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SCHULTZ: Welcome back to the Ed Show. A new NBC news Wall Street Journal poll shows a stunning number. Nearly half of the country thinks we are less safe than we were before 9/11. This is the highest response to this question since the poll started in 2002.
Americans have spent -- gosh, the last decade pouring billions if that trillions of dollars in the security. The NSA is everybody`s business. The TSA screens us more now than ever before but nearly half the county is still afraid.
Right after the terrorist attacks in 2001 Congress came together to give George W. Bush all the support he needed and followed up with all those support and all the requests that he made. The question tonight is, "Will Congress put politics aside and support President Obama, the Commander-in- Chief?"
Joining us tonight Republican Congressman from Texas Joe Barton, Congressman, good to have you with us tonight. First of all, I want you to respond to this survey. Should Americans be afraid? What do you think of this number?
REP. JOE BARTON, (R) TEXAS: Well, I think we are safer but I understand why a lot of people still are afraid because of this terrorist threat. The ISIS group is absolutely a terrorist thug group and of course our southern border is not totally secure. So I think there are valid reasons to be concerned but I think on a net basis, we are safer than we were on 9-11- 2001.
SCHULTZ: OK. Congressman, will your Republican colleagues help President Obama here? Do you think that there`s going to be partisan politics played out in this effort to take down ISIS?
BARTON: I hope not. You know, I am as partisan as they come against Obamacare and on domestic politics but there really is a difference in foreign policy. ISIS really is a clear and present danger to United States of America. I support the President if he will defend America. I want him to layout a plan tonight that tells the terrorist were coming after you wherever you are.
BARTON: ... we`ll use all of our assets both military, economic, financial, moral. I want to destroy ISIS and prevent there being a future ISIS ever created again.
SCHULTZ: Congressman, what does that mean? What do you want to hear from the President tonight? How far does he have to go? What`s your definition here?
BARTON: Well, I`m one of the ones that would support an absolutely old-
fashioned declaration of war. Now, having said that, I don`t think the majority of my Republican friends or even Democratic friends are ready to go that far but, you know, if something`s worth fighting, it`s worth fighting and going all in. And so, I would like the President not to equivocate tonight, not to talk about some gradual escalation, not to automatically say out -- what`s out of bounds.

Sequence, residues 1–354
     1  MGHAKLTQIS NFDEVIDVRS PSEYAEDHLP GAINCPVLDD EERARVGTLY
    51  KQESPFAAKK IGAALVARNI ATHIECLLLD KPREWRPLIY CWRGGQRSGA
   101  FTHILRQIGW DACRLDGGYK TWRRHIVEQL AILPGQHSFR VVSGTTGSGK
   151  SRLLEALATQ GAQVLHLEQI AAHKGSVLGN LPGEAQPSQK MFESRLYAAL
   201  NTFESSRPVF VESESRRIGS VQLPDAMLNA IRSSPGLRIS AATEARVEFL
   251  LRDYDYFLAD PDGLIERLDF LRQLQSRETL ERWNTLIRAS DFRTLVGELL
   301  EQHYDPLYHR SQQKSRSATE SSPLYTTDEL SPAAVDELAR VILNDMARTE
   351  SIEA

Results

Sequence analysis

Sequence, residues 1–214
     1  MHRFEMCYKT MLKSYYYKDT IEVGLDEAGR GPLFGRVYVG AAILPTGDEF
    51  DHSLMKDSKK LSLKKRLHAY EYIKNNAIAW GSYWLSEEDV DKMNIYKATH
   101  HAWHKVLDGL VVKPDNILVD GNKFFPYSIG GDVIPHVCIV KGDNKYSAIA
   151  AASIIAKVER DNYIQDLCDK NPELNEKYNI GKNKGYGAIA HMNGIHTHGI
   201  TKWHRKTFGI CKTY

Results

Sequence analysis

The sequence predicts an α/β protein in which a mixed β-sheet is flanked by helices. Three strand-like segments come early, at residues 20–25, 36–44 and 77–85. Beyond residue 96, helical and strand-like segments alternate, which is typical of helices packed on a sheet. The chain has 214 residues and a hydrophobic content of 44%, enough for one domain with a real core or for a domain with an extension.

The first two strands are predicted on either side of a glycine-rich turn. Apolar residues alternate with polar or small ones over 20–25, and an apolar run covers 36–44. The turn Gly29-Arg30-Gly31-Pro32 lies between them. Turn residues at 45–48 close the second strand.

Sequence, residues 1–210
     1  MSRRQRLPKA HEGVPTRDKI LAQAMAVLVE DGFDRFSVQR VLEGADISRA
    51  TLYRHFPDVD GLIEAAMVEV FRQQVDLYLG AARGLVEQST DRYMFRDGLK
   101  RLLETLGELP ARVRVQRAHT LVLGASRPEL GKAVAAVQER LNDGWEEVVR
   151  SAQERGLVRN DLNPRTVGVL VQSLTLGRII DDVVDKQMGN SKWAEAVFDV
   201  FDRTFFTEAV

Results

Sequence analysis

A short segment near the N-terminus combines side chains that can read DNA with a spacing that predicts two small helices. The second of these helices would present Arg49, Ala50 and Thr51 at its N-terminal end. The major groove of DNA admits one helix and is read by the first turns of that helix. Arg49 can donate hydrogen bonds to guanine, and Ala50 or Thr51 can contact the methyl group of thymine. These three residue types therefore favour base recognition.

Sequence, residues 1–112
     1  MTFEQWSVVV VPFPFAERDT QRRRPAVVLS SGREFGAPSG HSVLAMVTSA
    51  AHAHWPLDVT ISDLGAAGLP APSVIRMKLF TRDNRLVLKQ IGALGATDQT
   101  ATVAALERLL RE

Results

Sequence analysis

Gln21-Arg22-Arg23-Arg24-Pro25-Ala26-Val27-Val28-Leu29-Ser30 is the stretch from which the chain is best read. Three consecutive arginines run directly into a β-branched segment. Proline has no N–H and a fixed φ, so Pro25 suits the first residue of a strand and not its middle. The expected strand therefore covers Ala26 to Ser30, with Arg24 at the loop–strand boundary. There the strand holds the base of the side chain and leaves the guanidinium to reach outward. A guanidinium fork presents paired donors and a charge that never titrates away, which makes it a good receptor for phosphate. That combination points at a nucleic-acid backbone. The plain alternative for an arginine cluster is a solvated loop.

I don`t think we need major conventional ground forces wearing the American uniform in the region but I would not want to preclude the President from using any military -- again, military economic, financial asset that we have. These guys are dangerous. They hate the United States. We need to kill them. We need to track them down. We need to cut off their financial aid. We need to cut off their moral support. Whatever we need to do I`m ready to go do it and hopefully do it in a unified way for the security of the United States of America.
SCHULTZ: Do you think there`s a chance that the President would not go far enough?
BARTON: Well, I think it`s a better chance and even that he won`t go far enough. He told the leadership of the House in the Senate yesterday that he didn`t need any authorization from the Congress. I think that`s a mistake.
BARTON: I think it sends a signal to the world if the Congress goes on record that were totally behind -- not just the President, but we`re for the security of the United States of America.
SCHULTZ: All right, Congressman Joe Barton of Texas, good to have you with us tonight. We`ll have you back. I appreciate your time, sir. Thank you.
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